Why are Rubies Red
Red is the color of blood, and it is associated with a mixture of human emotions that includes passion, power, strength and desire. It’s an intense color which encompasses emotional extremes which span over love and anger.
The Ruby, also called Manik, is a traditional gemstone, the gemstone for Sun. Rubies are iconic and known and they are special for blood-red hue. In fact, the word ruby is Latin for red. Ruby belongs to the corundum family and it is the birthstone for the month of July. Burmese Ruby
Rubies are in high demand and it is obvious visible to everyone. This powerful and iconic stone is intense and more powerful than other gemstone. Rubies are bright, durable and they also retain a hardness and luster that make them highly desirable. In fact, rubies are the hardest mineral next to the beloved diamond.
Rubies are technically also known as red sapphire as it is identical to sapphire in all aspect. We won’t come across stone as unique red as ruby stone. These stunning gems get their distinctive red color from a natural process including atoms and light. So, why are rubies red?
Why are Rubies Red?
Ruby demands the highest price of any colored gemstone. The per-carat prices of fine-quality rubies have been rising consistently, many times breaking auction records.
For better-quality material, there may be slight differences in color can make significant differences in value. For top quality color, free from eye-visible inclusions, the prices are even more.
The per-carat price of ruby can also increase dramatically as size increases, especially for better-quality stones.
Color is one of the significant factor which affects ruby value. The finest quality ruby gemstone may vary from red to purplish red color. In markets, pre red colored get the highest prices and ruby with overtones of orange and purple are very less valued. If the color is too dark nor too light, then it is considered to be the best quality of gemstone. The color of the stone must be neither too dark nor too light. If we look over the other extreme, pink sapphires are enjoy a far more competitive price than rubies. Ultimately, the most desirable color of ruby is one that you prefer the most.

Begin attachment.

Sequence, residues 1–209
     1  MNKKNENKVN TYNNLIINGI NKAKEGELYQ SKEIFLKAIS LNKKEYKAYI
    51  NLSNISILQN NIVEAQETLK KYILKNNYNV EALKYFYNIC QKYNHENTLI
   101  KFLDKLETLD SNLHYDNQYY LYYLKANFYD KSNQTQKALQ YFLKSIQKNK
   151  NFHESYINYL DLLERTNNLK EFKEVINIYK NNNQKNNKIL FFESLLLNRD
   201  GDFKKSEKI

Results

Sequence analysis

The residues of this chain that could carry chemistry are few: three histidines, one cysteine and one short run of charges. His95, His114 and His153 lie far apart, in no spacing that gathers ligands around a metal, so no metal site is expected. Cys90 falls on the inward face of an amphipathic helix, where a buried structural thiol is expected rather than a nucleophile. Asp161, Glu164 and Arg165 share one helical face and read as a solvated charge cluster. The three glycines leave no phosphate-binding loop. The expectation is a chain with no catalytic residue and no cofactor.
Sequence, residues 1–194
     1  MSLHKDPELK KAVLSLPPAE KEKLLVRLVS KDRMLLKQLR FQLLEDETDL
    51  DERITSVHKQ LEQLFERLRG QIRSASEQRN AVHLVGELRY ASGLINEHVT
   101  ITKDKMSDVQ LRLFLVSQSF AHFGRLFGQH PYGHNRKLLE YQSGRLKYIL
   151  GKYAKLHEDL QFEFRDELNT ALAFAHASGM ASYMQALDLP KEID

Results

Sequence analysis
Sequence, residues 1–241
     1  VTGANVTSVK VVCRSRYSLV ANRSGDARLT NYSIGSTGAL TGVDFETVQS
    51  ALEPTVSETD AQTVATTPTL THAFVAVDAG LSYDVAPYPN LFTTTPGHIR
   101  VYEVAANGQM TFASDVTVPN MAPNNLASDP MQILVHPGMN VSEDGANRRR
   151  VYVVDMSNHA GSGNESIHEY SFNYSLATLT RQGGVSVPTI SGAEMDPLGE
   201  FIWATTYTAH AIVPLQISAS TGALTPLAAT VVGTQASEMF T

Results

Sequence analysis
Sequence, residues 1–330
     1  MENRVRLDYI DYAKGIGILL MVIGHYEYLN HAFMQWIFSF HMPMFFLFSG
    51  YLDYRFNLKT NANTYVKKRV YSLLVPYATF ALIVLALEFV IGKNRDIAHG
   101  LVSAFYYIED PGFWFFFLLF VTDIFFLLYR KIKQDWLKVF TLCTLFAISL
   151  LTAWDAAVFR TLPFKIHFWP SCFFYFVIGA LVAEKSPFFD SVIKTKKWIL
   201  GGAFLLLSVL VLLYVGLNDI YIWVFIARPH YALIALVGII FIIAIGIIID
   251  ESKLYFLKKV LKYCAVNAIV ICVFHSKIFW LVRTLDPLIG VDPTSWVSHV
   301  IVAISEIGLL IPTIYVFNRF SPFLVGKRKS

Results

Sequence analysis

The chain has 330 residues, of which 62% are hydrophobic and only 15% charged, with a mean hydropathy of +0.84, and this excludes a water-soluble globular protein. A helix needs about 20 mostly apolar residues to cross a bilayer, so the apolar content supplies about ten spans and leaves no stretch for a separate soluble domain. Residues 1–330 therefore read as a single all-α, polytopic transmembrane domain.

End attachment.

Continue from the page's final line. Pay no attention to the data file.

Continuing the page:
The Difference Between Pink Sapphire and Ruby
Some gem dealers says that the borderline between ruby and pink sapphire. Historically, the word ruby denotes shades of red, which technically included pink. There are also lots of cultural differences in the interpretation of ruby versus pink sapphire. In some gem-producing nations such as Sri Lanka, pink colors were always considered ruby, while in many consuming countries it is well known as pink sapphires.
Burmese Pigeon Blood Ruby
Historically, the term “pigeon’s blood” refers to the red to slightly purplish or pinkish red color of rubies with a soft, glowing, red fluorescence. Traditional descriptions show that these are useful to evoke images and also help to describe color among professionals.
Over time and after experience the trade terms can conjure up perceptions of certain colors and qualities which are associated with stone’s source. However, the qualities might be typical of that source or they might represent the finest stones from that source.
New sources produce material which are very similar to rubies from classical localities and also presents a slightly different appearance, but they remain beautiful.
People in the trade world consider rubies to have some inclusions because inclusion-free rubies are practically nonexistent. Ruby value can also depend on how visible the inclusions are. Obvious inclusions or inclusions that reduce brightness which lower ruby’s value.
If large and prominent inclusions are present on the table facet, they diminish the transparency, brilliance, and value of the stone. Inclusions also limit a ruby’s durability.
Typical ruby clarity characteristics include some thin mineral called as needle. It is also called as silk. When the mineral is rutile it is denoted as silk.
Some inclusions make a gem genuine and the presence of rutile silk causes light to scatter across facets that might otherwise be too dark.